1st ID’s 3rd Brigade readies the way for successors at Vilseck
VILSECK, Germany — Soldiers from 3rd Brigade, 1st Infantry Division, whose unit will inactivate here next month, have one last job in Germany — helping 4,000 2nd Cavalry (Stryker) Regiment soldiers adjust when they arrive from Fort Lewis, Wash., this summer.
Only about 300 1st ID soldiers are left at Vilseck. Most of their comrades have moved to other units as 3rd Brigade prepares to inactivate May 3 so it can reactivate with new soldiers in the U.S., Capt. Dan Woodlock, 32, said Monday.
The Boca Raton, Fla., native, who heads 3rd Brigade’s “sponsorship team” that will welcome the new arrivals, said each 3rd Brigade soldier will sponsor up to 15 2nd Cav troops.
When the new soldiers arrive on buses from the airport, another sponsorship team member, Master Sgt. Thomas MacIntyre, 44, of Windsor, Vt., will be there to meet them.
On their first day in Vilseck, incoming troops will be issued ration cards and transported to their new homes. U.S. Army Garrison Grafenwöhr has already assigned 2nd Cav soldiers and their families to houses and barracks, something that does not normally happen until a unit is in the country, MacIntyre said.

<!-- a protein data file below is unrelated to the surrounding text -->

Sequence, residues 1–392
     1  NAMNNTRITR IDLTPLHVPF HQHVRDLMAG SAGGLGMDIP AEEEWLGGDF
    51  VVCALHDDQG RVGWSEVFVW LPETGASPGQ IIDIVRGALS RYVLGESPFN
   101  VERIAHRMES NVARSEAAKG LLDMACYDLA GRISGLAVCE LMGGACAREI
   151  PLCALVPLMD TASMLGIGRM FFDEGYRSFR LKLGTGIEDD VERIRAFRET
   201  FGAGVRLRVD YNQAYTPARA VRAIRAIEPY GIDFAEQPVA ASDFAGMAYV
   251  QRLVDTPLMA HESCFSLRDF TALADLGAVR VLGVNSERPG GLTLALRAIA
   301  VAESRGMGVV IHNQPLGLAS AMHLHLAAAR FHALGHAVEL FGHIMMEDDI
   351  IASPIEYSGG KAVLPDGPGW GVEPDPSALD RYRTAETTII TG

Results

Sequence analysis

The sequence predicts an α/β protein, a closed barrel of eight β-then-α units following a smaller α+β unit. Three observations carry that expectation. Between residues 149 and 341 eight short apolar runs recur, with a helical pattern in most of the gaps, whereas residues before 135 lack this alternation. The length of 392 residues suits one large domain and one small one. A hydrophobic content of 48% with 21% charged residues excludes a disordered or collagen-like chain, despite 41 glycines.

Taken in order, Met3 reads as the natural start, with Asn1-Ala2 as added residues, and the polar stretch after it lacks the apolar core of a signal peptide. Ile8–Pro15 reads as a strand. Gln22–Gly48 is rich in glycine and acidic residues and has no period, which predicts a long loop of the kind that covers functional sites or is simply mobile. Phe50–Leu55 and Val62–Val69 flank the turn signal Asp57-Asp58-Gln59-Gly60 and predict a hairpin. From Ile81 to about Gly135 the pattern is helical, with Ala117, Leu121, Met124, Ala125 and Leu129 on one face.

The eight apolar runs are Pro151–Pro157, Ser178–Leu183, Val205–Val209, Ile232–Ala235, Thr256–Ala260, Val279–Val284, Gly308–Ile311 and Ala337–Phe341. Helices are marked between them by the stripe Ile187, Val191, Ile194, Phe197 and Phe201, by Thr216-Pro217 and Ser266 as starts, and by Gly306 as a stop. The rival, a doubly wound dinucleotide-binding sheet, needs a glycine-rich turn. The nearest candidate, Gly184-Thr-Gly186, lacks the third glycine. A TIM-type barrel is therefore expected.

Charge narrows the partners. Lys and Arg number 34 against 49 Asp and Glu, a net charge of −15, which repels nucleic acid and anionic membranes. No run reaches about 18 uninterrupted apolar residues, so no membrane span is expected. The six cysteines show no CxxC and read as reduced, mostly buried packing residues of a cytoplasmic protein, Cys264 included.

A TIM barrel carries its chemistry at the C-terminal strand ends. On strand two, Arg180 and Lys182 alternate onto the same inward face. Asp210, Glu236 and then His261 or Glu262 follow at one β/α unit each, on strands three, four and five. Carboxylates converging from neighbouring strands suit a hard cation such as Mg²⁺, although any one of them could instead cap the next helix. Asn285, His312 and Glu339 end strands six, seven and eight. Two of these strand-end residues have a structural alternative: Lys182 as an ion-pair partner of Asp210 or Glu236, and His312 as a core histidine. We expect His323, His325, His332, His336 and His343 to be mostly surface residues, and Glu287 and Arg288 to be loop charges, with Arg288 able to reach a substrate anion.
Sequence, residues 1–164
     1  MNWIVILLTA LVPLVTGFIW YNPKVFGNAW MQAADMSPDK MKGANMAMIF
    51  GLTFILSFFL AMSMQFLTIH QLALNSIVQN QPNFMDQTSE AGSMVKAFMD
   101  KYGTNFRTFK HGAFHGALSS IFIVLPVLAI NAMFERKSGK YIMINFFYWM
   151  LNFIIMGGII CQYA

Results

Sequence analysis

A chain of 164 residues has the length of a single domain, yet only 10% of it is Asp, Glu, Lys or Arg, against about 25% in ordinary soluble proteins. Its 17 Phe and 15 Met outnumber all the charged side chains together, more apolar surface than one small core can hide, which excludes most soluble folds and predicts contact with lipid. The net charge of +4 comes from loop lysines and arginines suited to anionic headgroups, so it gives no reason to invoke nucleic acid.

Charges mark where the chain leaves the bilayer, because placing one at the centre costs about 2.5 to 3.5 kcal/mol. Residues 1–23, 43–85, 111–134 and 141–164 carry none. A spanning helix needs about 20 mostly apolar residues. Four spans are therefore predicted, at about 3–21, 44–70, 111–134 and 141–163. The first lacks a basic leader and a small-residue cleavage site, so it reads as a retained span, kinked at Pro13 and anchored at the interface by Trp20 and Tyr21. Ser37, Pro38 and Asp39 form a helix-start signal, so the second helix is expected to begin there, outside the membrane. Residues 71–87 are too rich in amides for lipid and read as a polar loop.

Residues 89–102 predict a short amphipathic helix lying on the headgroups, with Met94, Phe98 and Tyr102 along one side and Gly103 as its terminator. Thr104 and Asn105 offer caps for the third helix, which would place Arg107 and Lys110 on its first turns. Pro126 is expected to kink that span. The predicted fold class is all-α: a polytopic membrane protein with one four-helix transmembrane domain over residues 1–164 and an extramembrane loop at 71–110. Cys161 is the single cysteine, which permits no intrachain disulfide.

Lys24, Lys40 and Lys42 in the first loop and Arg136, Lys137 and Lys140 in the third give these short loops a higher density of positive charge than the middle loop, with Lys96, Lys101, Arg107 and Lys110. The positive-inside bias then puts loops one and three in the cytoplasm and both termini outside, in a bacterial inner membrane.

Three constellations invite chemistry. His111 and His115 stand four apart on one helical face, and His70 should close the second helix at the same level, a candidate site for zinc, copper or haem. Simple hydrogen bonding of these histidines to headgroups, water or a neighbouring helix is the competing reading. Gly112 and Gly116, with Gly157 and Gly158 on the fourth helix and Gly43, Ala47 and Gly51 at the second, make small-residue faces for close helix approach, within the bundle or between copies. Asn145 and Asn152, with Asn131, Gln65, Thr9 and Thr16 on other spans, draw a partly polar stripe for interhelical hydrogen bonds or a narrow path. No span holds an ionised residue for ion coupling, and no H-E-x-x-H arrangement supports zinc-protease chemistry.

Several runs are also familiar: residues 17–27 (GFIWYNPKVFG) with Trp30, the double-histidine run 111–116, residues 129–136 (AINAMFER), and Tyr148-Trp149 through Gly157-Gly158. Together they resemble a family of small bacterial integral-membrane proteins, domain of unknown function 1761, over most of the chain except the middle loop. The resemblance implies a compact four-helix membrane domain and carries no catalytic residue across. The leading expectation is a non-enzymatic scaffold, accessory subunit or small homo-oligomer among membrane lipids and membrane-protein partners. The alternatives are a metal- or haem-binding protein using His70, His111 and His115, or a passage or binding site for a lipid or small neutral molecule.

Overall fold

Because so many soldiers will arrive at once, the Chrystal Inn, Vilseck’s on-post hotel, will be at full capacity, he said.
Off-post housing in and around Vilseck is some of the best in Europe, added MacIntyre, whose family lives in nearby Kaltenbrunn in a three-bedroom duplex.
Another sponsorship team member, Staff Sgt. Robert Laury, 32, of Jackson, Miss., said barracks for single soldiers at Vilseck meet the Army standard but they are nothing special.
However, Laury, who is on his third tour to Germany and first came to Vilseck six years ago, said the base is one of the most modern in Europe and that 2nd Cavalry soldiers should enjoy the local culture.
“You get to see different cultures here wherever you go. You don’t get that chance in the States. You are limited to McDonald’s down the street and shopping malls,” said Laury, who also praised the closeness of the Vilseck community.
“In the States, you don’t get that. When everybody gets off work they are out of there,” he said.
Another sponsorship team member, Sgt. 1st Class Dennis Hamer, 43, of Chicago, is in an unaccompanied baggage detail that will work with German delivery companies to make sure soldiers’ things are in their houses when they arrive. The baggage has left Fort Lewis but has yet to arrive at Vilseck, he said.
After the first-day reception, sponsors will guide the new troops through various classes including the Head Start program to acquaint them with German culture and language, Woodlock said.
The 2nd Cavalry soldiers will want to know about things to do in their new community, to include bars and sporting opportunities, Hamer said. Woodlock recommended that new troops check out the many ski areas in Bavaria and nearby Austria. The large city of Nuremberg, about an hour’s drive away, and the smaller Regensberg, are also good places to socialize, he said.